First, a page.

Karmøy has four museums telling the island’s history over the past several hundred years. Skudeneshavn’s Museum in Mælandsgården tells the story of the town that grew on the back of the herring fisheries. Åkrehamn Coastal Museum and Karmøy Fishery Museum display the cultural heritage of the coast and the fishing community that was so vital to the people of Karmøy. At Visnes Norway’s largest copper mine once stood, which supplied the cladding for the Statue of Liberty in New York. The Nordvegen History Centre reflects on Norway’s history over the past 3500 years.
In its day Visnes Copper Mine was the largest and most modern in Northern Europe. Operating in two periods between 1865–1972 the mine produced 4.2 million tonnes of unrefined copper, zinc and sulphur. In 1882 we are told that Visnes was “Norway’s largest workplace”, with almost 1000 workers at the peak. In just a few years the hamlet at Visnes was transformed to become a thriving mining town, with almost 3000 inhabitants, school, hospital, dairy and shops. Open in summer.
The Mæland Museum inhabits an old, listed timber building in Skudeneshavn. The town itself grew up in the 19th Century on the back of the bountiful herring fisheries. Visitors will get an idea of how the town expanded, see how a prosperous family of merchants lived 150 years ago, and examine the craftsmanship that formed the streets. Open in summer.
This interesting collection, situated in the fishing harbour, has displays of many artefacts and photographs of bygone days, when Karmøy was a leading fishing hub, and links with America were close. The Nora Wharf is one of just a few salted herring factories still intact. Open in summer.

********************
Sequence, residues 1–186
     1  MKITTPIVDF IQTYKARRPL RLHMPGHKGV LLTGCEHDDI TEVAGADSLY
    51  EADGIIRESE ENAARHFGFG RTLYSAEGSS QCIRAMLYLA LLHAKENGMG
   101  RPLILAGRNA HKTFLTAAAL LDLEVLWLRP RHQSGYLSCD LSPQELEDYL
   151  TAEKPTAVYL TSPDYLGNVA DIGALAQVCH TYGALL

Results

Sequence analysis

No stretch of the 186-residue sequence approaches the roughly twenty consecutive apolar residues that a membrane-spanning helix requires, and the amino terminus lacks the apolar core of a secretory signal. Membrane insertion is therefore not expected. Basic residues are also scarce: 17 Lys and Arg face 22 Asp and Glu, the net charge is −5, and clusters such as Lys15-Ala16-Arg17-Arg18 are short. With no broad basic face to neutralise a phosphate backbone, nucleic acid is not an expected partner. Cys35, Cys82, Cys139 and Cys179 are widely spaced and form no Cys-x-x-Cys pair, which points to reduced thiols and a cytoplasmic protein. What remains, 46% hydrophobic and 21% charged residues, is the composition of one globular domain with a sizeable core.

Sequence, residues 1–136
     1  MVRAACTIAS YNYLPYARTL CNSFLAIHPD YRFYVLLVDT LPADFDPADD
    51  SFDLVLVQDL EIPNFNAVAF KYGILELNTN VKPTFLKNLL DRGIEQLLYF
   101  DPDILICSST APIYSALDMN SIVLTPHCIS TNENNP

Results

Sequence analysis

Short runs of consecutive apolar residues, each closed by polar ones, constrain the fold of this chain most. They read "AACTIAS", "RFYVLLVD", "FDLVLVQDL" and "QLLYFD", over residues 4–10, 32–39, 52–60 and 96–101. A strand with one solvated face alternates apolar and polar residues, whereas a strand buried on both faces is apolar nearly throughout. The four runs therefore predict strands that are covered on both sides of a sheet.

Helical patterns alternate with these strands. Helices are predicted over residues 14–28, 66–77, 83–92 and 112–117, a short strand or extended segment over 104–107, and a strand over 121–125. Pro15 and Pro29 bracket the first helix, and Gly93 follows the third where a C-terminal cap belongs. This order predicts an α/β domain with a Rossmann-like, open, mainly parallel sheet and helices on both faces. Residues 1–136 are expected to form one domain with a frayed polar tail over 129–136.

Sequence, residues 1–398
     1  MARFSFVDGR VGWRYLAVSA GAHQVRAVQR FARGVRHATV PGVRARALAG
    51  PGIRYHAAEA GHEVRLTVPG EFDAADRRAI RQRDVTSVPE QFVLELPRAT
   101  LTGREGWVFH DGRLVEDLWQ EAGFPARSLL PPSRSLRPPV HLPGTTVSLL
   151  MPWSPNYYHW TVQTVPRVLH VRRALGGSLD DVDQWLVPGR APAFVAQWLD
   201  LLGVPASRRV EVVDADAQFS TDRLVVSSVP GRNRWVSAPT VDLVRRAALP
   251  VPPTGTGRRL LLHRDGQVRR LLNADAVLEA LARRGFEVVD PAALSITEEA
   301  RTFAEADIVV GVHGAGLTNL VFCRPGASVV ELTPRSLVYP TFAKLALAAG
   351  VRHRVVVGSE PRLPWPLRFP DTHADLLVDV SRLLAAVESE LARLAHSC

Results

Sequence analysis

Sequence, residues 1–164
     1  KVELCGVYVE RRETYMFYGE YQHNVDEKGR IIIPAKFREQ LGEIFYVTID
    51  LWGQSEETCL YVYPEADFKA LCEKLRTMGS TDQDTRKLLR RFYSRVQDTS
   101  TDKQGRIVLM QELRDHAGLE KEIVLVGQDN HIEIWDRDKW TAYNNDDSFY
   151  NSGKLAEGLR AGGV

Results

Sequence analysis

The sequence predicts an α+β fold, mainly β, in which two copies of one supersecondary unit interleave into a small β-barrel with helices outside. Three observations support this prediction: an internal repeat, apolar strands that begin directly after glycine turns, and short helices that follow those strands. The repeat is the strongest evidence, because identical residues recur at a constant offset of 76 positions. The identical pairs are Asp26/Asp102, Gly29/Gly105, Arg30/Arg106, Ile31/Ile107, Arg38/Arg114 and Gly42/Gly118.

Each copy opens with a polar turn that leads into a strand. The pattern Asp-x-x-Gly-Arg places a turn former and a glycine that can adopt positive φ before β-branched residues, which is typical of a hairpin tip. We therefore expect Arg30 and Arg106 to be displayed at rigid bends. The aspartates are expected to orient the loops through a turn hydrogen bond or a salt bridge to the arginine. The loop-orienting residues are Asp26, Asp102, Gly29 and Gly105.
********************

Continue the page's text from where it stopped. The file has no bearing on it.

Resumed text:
Exhibits show how the fisheries have developed from the first days of motor-powered boats to the present. The Saltwater Aquarium and Café are both worth a visit. The striking visual appearance of the building is the work of the Snøhetta architectural team, who also did the new National Opera and Ballet in Oslo, and the Great Library of Alexandria, in Egypt. Open in summer.
Here you can meet Harald Fairhair who united Norway, making Avaldsnes Norway’s oldest royal seat. Harald stands ready to guide visitors through 3500 years of historical time, when Avaldsnes was the place where Norway and continental Europe met and interacted. Harald tells of his realm and introduces some of the barons who ruled over Avaldsnes and controlled shipping up and down the North Way coast.